Advancements in e-textiles, sensors, and actuators have propelled wearable technologies toward wide-spread market use, however the physical interface between these technologies and the human body has remained a functional challenge. Prior research has found that system-body interface challenges produce wearing variability, or variation in system placement, orientation, and tightness in relation to a body both between use trials and between users, resulting in large variation and deterioration in system performance. We break down the mechanics of common system-body interface challenges through a summary of design principles critical to any system interfacing with the human body. Additionally, we present an active interface based on shape memory materials that dimensionally adapts to its user's dimensions. An experimental investigation of these active system interfaces considers the impact of design variables often overlooked in the design process. Recommendations are provided to optimize interfaces for the requirements for a given wearable technology. Additionally, we illuminate methods to reduce wearing variability for a range of users to produce consistent system-body interaction across a user population. Through these active interfaces, we advance a broad range of wearable technologies, including wearable sensing, motion tracking, haptics, and wearable robotic devices.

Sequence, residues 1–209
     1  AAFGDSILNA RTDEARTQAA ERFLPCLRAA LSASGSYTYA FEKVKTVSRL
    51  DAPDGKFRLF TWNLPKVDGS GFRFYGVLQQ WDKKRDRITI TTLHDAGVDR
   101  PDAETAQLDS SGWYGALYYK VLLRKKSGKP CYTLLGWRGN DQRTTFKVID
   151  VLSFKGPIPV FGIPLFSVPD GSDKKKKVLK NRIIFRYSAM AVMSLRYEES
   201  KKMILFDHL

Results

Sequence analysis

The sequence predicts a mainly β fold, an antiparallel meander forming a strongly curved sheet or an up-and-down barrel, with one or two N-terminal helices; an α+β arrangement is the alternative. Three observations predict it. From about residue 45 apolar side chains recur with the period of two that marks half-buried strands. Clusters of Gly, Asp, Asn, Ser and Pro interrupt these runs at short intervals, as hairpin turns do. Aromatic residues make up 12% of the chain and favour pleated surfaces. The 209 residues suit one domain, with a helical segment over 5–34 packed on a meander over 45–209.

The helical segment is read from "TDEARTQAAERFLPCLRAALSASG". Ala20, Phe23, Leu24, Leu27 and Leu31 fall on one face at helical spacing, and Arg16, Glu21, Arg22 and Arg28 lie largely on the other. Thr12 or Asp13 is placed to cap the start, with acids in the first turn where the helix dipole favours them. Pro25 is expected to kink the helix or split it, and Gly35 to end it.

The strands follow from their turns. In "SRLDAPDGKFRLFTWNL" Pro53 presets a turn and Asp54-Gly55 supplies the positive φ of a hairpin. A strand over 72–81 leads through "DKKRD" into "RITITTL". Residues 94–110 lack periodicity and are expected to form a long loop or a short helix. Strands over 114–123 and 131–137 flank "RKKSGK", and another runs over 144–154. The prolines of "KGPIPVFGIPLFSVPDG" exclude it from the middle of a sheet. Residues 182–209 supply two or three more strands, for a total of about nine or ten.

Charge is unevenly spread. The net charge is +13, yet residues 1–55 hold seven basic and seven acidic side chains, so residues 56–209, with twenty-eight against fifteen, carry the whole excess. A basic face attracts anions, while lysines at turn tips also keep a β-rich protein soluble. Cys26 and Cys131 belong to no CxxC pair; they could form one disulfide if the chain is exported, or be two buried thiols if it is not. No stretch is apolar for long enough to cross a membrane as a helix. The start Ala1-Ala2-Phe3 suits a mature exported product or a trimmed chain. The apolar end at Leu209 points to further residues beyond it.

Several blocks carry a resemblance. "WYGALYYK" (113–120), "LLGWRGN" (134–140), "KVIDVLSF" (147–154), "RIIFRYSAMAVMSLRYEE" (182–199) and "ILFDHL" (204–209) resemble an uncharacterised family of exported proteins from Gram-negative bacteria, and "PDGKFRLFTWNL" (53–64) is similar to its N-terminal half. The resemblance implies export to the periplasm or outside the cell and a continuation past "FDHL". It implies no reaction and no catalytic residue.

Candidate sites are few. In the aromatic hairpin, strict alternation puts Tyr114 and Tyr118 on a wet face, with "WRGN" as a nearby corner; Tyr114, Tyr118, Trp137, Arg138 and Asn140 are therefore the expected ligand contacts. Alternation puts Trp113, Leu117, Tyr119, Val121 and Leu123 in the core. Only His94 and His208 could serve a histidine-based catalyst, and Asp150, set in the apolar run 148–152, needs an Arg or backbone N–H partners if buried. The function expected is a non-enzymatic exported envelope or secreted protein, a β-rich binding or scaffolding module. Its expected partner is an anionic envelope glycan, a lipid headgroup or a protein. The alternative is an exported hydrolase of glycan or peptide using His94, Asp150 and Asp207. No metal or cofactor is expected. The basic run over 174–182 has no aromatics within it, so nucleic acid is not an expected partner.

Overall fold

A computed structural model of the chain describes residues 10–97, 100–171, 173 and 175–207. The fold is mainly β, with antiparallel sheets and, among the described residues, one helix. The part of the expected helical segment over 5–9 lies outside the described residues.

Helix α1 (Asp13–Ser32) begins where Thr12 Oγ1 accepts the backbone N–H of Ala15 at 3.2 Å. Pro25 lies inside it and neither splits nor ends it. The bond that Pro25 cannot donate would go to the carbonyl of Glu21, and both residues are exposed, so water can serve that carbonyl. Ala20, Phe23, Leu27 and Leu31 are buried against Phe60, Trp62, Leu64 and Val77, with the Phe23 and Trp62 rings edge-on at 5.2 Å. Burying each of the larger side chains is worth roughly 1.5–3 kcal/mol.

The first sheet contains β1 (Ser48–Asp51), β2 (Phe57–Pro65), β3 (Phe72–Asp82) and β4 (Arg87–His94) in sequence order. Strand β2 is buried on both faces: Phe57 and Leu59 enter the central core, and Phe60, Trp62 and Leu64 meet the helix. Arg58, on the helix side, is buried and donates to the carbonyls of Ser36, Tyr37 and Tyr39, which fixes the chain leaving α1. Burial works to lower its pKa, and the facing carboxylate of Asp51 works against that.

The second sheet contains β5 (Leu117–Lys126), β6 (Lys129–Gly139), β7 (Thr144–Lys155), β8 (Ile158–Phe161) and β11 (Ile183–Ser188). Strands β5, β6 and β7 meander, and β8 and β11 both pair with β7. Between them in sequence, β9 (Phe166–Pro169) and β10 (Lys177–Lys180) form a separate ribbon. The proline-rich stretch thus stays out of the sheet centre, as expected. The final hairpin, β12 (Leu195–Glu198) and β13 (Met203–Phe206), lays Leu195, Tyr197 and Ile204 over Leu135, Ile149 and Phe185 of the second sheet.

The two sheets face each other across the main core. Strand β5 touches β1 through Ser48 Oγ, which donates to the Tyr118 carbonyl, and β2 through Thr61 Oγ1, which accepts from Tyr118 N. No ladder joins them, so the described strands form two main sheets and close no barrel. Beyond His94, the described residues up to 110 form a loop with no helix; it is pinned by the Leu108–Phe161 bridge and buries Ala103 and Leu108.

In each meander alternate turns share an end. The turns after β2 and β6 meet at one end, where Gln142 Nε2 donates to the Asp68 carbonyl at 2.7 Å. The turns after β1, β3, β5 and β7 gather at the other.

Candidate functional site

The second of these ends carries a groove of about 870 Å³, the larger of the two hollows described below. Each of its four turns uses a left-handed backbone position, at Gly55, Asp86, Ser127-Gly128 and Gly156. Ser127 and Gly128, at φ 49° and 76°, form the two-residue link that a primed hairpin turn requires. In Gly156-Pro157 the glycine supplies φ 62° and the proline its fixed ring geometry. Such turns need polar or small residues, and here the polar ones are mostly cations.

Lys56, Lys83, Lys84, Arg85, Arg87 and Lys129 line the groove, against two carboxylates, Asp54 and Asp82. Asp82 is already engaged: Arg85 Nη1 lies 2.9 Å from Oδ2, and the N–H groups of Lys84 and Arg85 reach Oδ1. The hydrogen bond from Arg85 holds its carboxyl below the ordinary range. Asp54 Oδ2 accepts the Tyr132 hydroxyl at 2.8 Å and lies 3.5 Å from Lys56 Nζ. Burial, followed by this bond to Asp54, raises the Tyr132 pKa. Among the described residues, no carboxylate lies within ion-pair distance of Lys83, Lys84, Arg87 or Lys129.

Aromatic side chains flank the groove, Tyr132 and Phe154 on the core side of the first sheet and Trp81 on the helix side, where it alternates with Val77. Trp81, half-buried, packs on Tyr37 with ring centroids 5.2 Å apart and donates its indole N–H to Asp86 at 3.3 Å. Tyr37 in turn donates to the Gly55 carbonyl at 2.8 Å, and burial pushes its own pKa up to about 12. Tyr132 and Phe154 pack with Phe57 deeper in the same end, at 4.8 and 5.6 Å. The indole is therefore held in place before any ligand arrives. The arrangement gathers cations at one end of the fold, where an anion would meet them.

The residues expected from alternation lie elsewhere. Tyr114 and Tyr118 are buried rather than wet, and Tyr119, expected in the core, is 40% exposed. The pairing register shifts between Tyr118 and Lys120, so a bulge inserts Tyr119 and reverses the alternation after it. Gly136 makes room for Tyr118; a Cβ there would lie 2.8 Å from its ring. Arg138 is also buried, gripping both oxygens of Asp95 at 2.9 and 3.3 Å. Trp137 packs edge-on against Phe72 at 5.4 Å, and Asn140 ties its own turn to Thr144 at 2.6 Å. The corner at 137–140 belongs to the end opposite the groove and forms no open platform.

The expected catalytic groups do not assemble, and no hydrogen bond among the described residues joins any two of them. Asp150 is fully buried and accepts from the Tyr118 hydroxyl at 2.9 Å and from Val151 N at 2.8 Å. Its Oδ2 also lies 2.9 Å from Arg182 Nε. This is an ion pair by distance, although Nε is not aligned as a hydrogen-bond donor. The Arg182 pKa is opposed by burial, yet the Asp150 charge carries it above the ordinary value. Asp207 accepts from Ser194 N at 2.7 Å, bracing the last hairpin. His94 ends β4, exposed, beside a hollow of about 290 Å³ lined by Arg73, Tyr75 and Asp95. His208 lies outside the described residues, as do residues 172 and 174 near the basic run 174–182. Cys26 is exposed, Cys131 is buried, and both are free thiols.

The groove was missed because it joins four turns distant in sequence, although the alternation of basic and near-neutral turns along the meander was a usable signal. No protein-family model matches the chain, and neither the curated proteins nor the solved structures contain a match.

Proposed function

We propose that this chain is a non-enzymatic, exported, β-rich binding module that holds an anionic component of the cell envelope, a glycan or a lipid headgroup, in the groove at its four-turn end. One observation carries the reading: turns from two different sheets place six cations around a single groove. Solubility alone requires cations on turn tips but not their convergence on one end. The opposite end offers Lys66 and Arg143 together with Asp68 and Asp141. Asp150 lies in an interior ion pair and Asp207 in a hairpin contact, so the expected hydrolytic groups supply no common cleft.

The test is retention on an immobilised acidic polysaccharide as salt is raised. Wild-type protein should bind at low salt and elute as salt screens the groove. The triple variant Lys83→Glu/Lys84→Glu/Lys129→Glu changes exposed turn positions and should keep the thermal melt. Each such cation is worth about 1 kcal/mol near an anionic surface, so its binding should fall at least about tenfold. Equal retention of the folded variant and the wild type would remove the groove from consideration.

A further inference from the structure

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© 2021 IOP Publishing Ltd.
- shape memory materials
- system-body interfaces
- wearing variability